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Coping with sexual assault through comedy

Michaela Roman
Ron Blake is traveling to college campuses across the country to share his sexual assault story and have others share theirs.

According to the Rape, Abuse, Incest National Network, every 109 seconds an American is sexually assaulted. In 2014, a study done by the Bureau of Justice said 80 percent of rapes on campuses go unreported.

Ron Blake made a stop at UTEP on Sept. 23  to share his story.

One night in 2011, when Blake was living in downtown Phoenix, three men came into his loft while he was asleep, one of which was his life partner. They held him down and sexually assaulted him. The trauma from that night is what caused Blake’s post traumatic stress disorder.

“I was reading an article in Time magazine—sexual assault on campus—and when I read that article, it really triggered something in me, and I talked to my friend and said, you know I think I was raped,” said Blake.

The police showed up that night, but Blake was unable to comprehend reality.

“I knew something bad happened that night,” Blake said. “I just never processed it as rape.”

Blake sought help from a psychiatrist and therapist and that’s when they diagnosed him with PTSD.

“The two symptoms I exhibited were anger and isolation because I started pulling away from people badly and I had a lot of anger,” said Blake. 

Years later, Blake attempted suicide after a week of nightmares and not being able to sleep. A week after his attempt, he went to social media to confront the assault head on by opening up to his friends and family about his experience. After positive feedback from his friends, things started to look up for Blake, although it was still an emotional tumult for him. 

“You’re going to have your moments, you’re going to have your triggers, you are going to have your tough times,” he said.

One night in the midst of a post traumatic episode, Blake was watching the “Late Night with Steven Colbert” show and found himself laughing. The show became what Blake calls his muse—his purpose. That’s when he got the idea for “The Blake Show,” as a way to share his story and be able to make light of the situation. 

“I identified I was laughing. Some people would just sit there and let that go by and it wouldn’t be a big deal. For me, I was just numb,” Blake said.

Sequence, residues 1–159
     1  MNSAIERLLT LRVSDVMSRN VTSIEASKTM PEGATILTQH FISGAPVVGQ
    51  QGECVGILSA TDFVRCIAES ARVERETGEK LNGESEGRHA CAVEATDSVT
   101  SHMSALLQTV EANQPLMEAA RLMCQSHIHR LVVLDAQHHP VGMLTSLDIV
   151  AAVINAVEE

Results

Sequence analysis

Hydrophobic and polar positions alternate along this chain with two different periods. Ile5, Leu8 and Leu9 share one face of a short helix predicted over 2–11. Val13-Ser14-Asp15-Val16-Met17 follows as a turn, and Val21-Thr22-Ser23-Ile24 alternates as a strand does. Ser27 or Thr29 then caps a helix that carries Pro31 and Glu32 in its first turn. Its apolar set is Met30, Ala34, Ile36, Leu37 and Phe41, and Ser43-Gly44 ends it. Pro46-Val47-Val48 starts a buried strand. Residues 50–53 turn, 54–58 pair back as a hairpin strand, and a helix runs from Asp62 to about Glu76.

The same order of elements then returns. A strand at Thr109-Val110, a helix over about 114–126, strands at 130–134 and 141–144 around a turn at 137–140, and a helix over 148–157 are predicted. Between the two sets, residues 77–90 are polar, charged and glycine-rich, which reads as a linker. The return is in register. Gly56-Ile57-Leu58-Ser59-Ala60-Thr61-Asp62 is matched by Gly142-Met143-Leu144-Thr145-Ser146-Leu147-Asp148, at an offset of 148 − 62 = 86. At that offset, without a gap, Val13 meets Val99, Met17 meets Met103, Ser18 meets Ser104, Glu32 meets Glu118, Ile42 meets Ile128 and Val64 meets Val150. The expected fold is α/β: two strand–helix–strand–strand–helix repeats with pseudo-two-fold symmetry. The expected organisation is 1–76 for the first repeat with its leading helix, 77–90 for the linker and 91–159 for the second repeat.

Blake has traveled to Arizona State University, University of Arizona, Northern Arizona University, NMSU, to 10 community colleges and a couple art institutes.  He estimates he’s been to around 15 colleges and four universities. Blake carries around large white boards and asks people if they’d like to write a message after he shares his story. He’s collected over 200 boards with thousands of messages in multiple languages, and by sharing his stories Blake found that those who have been assaulted are comfortable about opening up.

“Anybody that’s been raped, they just need to understand—they need to know it’s okay to talk about it,” Blake said “Once they start talking about it, there’s probably going to be a tendency to say, ‘if I am raped, I’m going to go file a police report.’”

Although Blake’s goal is still to eventually make it onto Steven Colbert’s show, he’ll be happy if the boards can at least be turned into an art project and showcased somewhere and make an impact in the lives around him.

“When these are out, it’s powerful, it helps people. They read them and it’s amazing because people will share stuff on here,” he said. 

Blake would like to continue reaching out to those who have been sexually assaulted, travel to more universities and maybe work with organizations if that’s a possibility.

“I’m controlling the story instead of it controlling me,” Blake said.

To support Ron Blake on his journey, you can search for his Facebook page, Blake Late Show.

If you or someone you know has been a victim of sexual assault, contact STARS (Sexual Trauma and Assault Response Services) at 915-533-7700 or 915-779-1800

Michaela Román can be reached at [email protected].

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About the Contributor
Michaela Roman, Editor-in-Chief
Michaela is a Senior Digital Media Production major at The University of Texas at El Paso. As the Editor-in-Chief, and former Photo Editor of The Prospector, she has learned to stay organized, manage a staff of writers and photographers, meet deadlines, cover events and network with others. She also has freelance experience and a personal photography business. Michaela aspires to work as an editor for a large media outlet and one day go to graduate school to teach photojournalism.
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Coping with sexual assault through comedy